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Empyema in childhood causes significant morbidity and may be increasing in frequency.1,2 Empyema is classified into three stages: (1) An early exudative stage, (2) An intermediate fibrinopurulent stage, and (3) A late organising stage. The majority of cases present in the exudative stage and can be effectively managed with tube thoracostomy. Stage 3 empyema often requires open debridement of infective loculations to prevent lung restriction.The optimal management of fibrinopurulent empyema remains under debate. Two recent randomised controlled trials comparing fibrinolysis with video-assisted thoracoscopic surgery (VATS) in children have shown no significant difference in clinical outcome or length of postoperative hospital stay, but reduced treatment costs with fibrinolysis.3,4 Several series demonstrate that surgery can be safely avoided in approximately 80-90% of paediatric empyema patients with the use of fibrinolytics.1,3The British Thoracic Society recommends fibrinolysis as first line therapy for empyema.1 However, Bishay et al recently suggested that the failure rates for VATS can be considerably lower than for fibrinolysis if undertaken at a centre with high levels of thoracoscopic surgical experience.5VATS is minimally invasive and can be undertaken whilst the child is under general anaesthesia for the chest drain, thus allowing early and effective drainage.6-8Starship Children's Hospital (SSH) in Auckland, New Zealand, is a tertiary-referral centre for paediatric surgery. VATS was introduced in 2003 for the primary treatment of fibrinopurulent empyema. The aim of this study is to review the epidemiology, treatment and outcome of surgically-managed empyema in our first 5 years of VATS.Methods Study designA retrospective case-note review was undertaken of all surgically-managed empyemas at SSH over the 5 year period between 1 July 2003 and 30 June 2008. All children (<15 years) who had a diagnosis of empyema on hospital discharge coding data and had undergone surgical management were included in the study. Surgical intervention (VATS or thoracotomy) was determined from examination of the medical records. Patient demographics, mode of presentation, investigations, timing of illness onset to presentation, surgical intervention, and discharge, duration of chest drainage and complications were recorded. No cases were excluded. Statistical analysisDifferences between the ethnic distribution in our study and the New Zealand paediatric population were assessed using a goodness of fit test. Differences in surgical timing and chest drainage between those treated by VATS and thoracotomy were assessed using a Wilcoxon 2 sample test. Surgical techniqueSurgery was undertaken by three surgeons at SSH. The precise technique for VATS varied according to surgeon preference. Single lung ventilation with a bronchial blocker or double lumen tube was employed in a minority of cases but with increasing frequency later in the series. With the patient in the lateral position and the affected hemithorax uppermost, two or three 5 mm ports are placed and carbon dioxide pneumothorax established at 3-5 mmHg. Loculations are lysed, fibrinous peel removed and the thoracic cavity irrigated. One or two chest tubes are left in situ and removed on the ward when drainage minimal. Results Of 93 children with empyema 62, comprising the study population, were managed surgically (55 VATS, 7 thoracotomy) and 31 with tube thoracostomy alone. No children were managed with fibrinolysis. Of those treated by VATS, 45 (82%) underwent primary VATS and 10 (18%) underwent VATS following prior chest drain insertion. Demographics are listed in Table 1. Table 1. Patient characteristics Variables VATS* (N=55) Thoracotomy (N=7) Mean age in months (range) 38 (4-154) 57 (14-175) Gender, M:F 27:28 5:2 Ethnicity Pacific 2020 M ori NZ European Asian Other 23 16 6 8 2 5 0 2 0 0 *Video-assisted thoracoscopic surgery; 2020Mostly of Samoan, Tongan, Niuean, or Cook Islands origin. Children of Pacific and M ori ethnic origin were over-represented compared to their proportion of the New Zealand paediatric population, p<0.0001 (Figure 1). 9 Figure 1. Ethnic distribution of the study population and New Zealand paediatric population9 The Auckland 2006 Census showed a similar ethnic distribution: 14% Pacific Peoples, 11% M ori, 56% European, 19% Asian, 1% other. 10 Radiological investigations54 (87%) were investigated with ultrasonography (US) and 37 (60%) underwent chest computed tomography (CT). All children had either US or CT. Microbiology (Table 2)53 (85%) had a blood culture performed. Of these, 19 (36%) had a positive result. All 62 children had a pleural aspirate performed for culture. Of these 25 (40%) resulted in positive culture. Table 2. Microbiological isolates Isolates VATS Total (N=55) VATS Polynesian Population (N=39) Thoracotomy Total (N=7) Thoracotomy Polynesian Population (N=5) S. aureus 19 13 3 1 S. pneumonia 12 13 1 1 S. pyogenes 6 3 1 1 MRSA 2 2 0 0 Candida albicans 1 1 0 0 Serratia marcescens 1 0 0 0 No isolate 14 7 2 2 MRSA: methicillin-resistant Staphylococcus aureus. Clinical presentation (Table 3)24 (39%) of patients presented directly to SSH. 38 patients (61%) were transferred to SSH from another hospital; 36 patients from 13 hospitals across the North Island, 1 from the South Island and 1 from a Polynesian Island. Patients requiring a thoracotomy (43% of which were converted from VATS) had a significantly longer time from presentation at primary hospital to surgery than those treated with VATS (median 17 and 6 days respectively, p=0.007). 10 patients (16%) had intrapulmonary abscesses (7 were Polynesian) and 7 patients (11%) had multi-organ sepsis (5 were Polynesian). Table 3. Clinical presentation (expressed in median, range) Clinical presentation VATS Total (N=55) VATS Polynesian Population (N=39) Thoracotomy Total (N=7) Thoracotomy Polynesian Population (N=5) Aetiology: Pneumonia 55 39 6 4 Costal osteomyelitis 0 0 1 1 Symptom onset to presentation, days 5 (0-28) 5 (0-21) 4 (0-28) 4 (0-7) Initial presentation to surgery, days 6 (0-28) * 6 (0-28) 17 (3-43) * 17 (7-43) Interhospital transfer, N (%) 33 (60%) 25 (64%) 5 (71%) 3 (60%) Duration in primary hospital, days 2020 3 (0-21) 2 (0-21) 4 (1-23) 4 (1-23) Arrival at SSH to surgery, days 2020 2 (0-20) 3 (0-20) 7 (0-17) 9 (0-17) * p<0.01 2020For transferred patients. Outcome (Table 4)None of the patients who underwent VATS required a repeat procedure. 3 of those treated by thoracotomy initially underwent VATS but required conversion to an open procedure to allow adequate debridement of infective loculations (5% conversion to thoracotomy). Of those treated by VATS the chest drains remained in situ postoperatively for a median of 3 days. The total length of hospital stay was significantly longer in those who underwent thoracotomy (34 days) compared to VATS (19 days) (p=0.007). 10 children required PICU admission postoperatively and 1 preoperatively (8 of these were Polynesian). Table 4. Outcome (expressed in median, range) Outcome VATS Total (N=55) VATS Polynesian Population (N=39) Thoracotomy Total (N=7) Thoracotomy Polynesian Population (N=5) Surgery to chest drain removal, days 3 (1-11) 2020 3 (1-11) 2021 4 (2-7) 3 (2-6) Surgery to discharge, days 14 (2-43) 2021 13 (2-43) 2021 25 (9-76) 22 (9-76)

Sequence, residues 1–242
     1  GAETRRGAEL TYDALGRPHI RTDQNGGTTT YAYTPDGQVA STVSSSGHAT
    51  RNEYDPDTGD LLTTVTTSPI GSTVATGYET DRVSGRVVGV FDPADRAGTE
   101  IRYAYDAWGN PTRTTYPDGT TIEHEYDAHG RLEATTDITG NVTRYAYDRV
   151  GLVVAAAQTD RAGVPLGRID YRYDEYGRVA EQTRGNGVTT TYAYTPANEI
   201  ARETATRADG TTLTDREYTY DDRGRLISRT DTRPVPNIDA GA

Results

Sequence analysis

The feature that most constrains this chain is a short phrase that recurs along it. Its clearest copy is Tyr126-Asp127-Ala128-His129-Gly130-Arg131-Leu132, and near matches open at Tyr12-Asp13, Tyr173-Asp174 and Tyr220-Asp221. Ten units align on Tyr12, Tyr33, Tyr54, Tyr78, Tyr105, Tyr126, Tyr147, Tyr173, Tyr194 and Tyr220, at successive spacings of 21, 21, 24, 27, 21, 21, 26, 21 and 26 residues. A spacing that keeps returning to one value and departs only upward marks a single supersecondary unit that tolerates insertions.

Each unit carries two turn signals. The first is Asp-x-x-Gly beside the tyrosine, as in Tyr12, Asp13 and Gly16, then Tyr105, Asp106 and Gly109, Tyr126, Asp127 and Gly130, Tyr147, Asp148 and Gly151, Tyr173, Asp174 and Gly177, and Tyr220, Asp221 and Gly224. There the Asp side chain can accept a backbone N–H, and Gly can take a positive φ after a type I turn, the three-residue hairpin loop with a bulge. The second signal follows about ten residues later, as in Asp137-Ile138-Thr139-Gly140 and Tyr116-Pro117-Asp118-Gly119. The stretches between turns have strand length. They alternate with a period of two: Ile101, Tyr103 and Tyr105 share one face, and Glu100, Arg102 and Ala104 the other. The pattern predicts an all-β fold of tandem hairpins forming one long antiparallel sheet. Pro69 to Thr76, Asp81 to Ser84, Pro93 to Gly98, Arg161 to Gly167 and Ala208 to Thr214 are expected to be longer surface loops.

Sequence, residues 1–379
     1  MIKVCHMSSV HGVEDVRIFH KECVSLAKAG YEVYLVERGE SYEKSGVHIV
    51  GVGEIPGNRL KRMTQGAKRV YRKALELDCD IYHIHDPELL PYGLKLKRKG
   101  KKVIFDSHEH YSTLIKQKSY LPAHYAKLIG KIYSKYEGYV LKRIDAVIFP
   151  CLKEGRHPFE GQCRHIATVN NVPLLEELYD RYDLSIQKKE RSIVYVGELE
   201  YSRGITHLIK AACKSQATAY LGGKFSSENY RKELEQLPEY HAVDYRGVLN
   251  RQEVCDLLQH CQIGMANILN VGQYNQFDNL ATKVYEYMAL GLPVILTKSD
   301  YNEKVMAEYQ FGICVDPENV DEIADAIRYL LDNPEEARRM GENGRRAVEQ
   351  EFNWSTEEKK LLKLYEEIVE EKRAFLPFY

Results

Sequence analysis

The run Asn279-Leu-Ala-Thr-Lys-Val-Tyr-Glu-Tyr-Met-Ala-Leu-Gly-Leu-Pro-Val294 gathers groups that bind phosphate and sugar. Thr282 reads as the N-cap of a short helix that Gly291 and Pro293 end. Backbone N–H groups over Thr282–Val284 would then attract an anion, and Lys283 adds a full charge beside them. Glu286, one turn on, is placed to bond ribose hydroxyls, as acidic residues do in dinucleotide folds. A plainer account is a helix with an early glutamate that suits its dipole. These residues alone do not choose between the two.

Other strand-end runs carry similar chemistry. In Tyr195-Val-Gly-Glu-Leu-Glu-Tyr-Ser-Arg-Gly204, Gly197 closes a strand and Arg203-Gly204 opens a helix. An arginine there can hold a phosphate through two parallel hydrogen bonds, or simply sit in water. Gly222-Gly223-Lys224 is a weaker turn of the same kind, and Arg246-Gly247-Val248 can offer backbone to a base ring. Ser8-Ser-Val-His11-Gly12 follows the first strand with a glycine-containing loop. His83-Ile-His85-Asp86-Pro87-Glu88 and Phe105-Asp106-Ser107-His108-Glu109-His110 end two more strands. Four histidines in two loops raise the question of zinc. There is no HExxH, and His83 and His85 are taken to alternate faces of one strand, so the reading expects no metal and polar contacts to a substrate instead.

Summary